Output attributes are typically considered when selecting mechanisms to encourage or discourage specific patterns of energy usage. Energy agencies contributing their methods of monitoring clean energy governance efficacy will naturally feel more comfortable if not tasked with monitoring what they do not have the purview to manage. In such instances, the expertise of other governing and oversight parties not so directly charged with the end-user supply and demand flux must be engaged to fully grasp the controlling attributes of each energy output.


A matrix approach that reserves judgment and simply accounts for all outputs appears warranted. One need not initially know the activities, impacts, controls and benefits along a particular Process, to recognize an identified Output. The Output of all energy commodities should be identified and methodically assigned pertinent characteristics that in their turn can be measured and compared to the CCEF goals according to consistent and comparable criteria.


Energy output delivery is no different than any other commodity; the ability to safely and cost-effectively reach the Market determines and is determined by the entire value chain.


Conclusion and Recommendations

As presented in our formal comments to Docket


Two closely related organizational concepts are offered to improve understanding of energy generation and delivery in California. First, we suggest that provision of energy constitutes an inter-related complex of value chains, of identifiable pathways from source to end-user. Second, we offer an Input-Process-Output model by which all forms of energy value chains may be identified, measured, and compared.


Agencies measure what they manage or intend to manage. For example, access to feedstock is critical to the energy value chain for nearly all sectors, but impacts to feedstock availability, whether positive or negative, tend not be considered because they are not strictly within the purview of "energy management." A cohesive state-wide energy policy must take into account access and availability from source to end-user.


Rather than consider efficacy against a set of performance standards of what constitutes "clean" versus "dirty," judgments are made in advance, and entire sectors of potential energy provision are disparaged. Coal is not inherently dirty; it is the industry-standard Process that converts coal to energy that has been the problem. Waste pollutes less when carefully controlled through an advanced conversion Process than when left to common management ending in landfill disposal. Any processing system can be run well or poorly, and it is the Process performance and specific use of Output rather than the Input feedstock source that should dictate considerations of environmental cleanliness.


We are recommending an inclusive method facilitating direct comparison of the energy value chain of the status quo vs. that of the proposed Process.  The question, "Clean, compared to what?" needs to be answered. Using existing Process as the baseline for comparison establishes the basis for informed management leading to identification of Clean Energy.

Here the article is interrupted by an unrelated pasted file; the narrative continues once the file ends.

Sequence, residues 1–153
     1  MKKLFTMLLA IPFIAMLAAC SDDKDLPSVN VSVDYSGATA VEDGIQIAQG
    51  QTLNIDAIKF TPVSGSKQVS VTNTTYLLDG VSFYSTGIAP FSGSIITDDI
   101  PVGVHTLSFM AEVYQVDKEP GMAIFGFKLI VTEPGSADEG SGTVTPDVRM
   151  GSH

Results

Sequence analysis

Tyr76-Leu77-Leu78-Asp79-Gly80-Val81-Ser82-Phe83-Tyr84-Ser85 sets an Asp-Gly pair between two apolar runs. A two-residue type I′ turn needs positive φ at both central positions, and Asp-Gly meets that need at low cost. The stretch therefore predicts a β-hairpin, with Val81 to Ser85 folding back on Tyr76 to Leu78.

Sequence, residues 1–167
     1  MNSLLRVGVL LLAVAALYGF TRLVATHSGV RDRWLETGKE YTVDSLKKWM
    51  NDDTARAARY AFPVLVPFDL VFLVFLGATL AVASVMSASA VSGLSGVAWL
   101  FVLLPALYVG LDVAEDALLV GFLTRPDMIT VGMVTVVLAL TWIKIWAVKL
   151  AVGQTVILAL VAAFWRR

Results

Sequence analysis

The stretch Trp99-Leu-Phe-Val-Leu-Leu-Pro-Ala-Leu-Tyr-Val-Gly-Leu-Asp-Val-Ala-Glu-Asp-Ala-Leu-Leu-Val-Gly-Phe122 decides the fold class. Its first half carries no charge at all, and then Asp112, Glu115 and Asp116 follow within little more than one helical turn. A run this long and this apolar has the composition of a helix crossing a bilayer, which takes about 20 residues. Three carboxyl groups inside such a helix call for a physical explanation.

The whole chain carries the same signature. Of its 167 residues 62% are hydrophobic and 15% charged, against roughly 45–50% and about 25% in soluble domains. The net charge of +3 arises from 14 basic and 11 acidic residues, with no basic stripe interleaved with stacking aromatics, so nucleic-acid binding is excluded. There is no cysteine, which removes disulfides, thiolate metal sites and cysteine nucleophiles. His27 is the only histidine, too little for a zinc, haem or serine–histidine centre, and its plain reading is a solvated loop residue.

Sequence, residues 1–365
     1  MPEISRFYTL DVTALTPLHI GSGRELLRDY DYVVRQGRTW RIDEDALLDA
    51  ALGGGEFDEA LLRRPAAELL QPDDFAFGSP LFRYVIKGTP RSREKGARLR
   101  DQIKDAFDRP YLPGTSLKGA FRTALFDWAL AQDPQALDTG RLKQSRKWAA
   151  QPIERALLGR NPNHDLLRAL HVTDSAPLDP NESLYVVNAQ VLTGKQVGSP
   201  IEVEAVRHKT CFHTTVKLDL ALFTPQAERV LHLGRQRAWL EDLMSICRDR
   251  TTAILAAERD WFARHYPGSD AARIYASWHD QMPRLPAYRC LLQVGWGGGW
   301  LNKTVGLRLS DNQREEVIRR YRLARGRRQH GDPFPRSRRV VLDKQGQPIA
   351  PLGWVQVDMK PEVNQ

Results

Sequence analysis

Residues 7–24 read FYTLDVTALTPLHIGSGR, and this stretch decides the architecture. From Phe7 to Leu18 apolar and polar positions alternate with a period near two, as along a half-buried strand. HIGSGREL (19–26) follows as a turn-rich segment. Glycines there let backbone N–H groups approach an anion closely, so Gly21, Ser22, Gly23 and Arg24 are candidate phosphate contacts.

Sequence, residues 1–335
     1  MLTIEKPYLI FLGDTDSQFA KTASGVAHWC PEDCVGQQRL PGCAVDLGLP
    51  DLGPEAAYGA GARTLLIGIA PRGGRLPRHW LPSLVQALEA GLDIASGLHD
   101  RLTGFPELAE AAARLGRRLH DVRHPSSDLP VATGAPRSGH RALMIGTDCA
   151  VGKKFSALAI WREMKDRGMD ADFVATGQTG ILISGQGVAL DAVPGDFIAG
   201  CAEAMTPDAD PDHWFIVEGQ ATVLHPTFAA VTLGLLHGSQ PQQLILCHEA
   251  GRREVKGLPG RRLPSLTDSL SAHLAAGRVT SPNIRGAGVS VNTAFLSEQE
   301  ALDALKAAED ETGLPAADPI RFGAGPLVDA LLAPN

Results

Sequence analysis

We are not recommending that agency governance incorporate every aspect of each energy value chain. Indeed, in most cases, less governance would be preferred. We feel that more good will be accomplished by identifying and eliminating regulatory inequities than could be accomplished by more regulations, grants, loans or incentives.


We appreciate and do not underestimate the enormity of the task at hand to order all forms of energy provision to our state. Yet we also see that much of the data are already being managed, that the task is more about inclusion of these disparate management regimes than of wholly new constructs.


Data management for extremely complex and constantly changing conditions must be based on a holistic and inclusive initial identification of elements, followed by a rational placement of each in context of the other elements. This "database" approach is already a well-developed field of inquiry; its application to policy-laden purview decision-making may only recently have become possible. Society is no longer constrained by the sheer scale of the requisite data storage, organization, extraction, analysis and constant maintenance. The data can be gathered, but there are often far more subtle reasons for not doing so than simply data storage capacity.


If California is to implement the rapid increase in development of renewable energy as mandated, we must at a minimum identify every possible pathway. Once positioned in context of other pathways in the overall energy value chain, we can methodically enumerate attributes, among which will be that part of the spectrum of social, environmental and economic appropriateness we tend to collectively call "Clean Energy".



© Teru Talk by JDMT, Inc 2011. All rights reserved.

You are free to reprint and use this article as long as no changes are made to its content or references and credit is given to the author, Michael Theroux. http://www.terutalk.com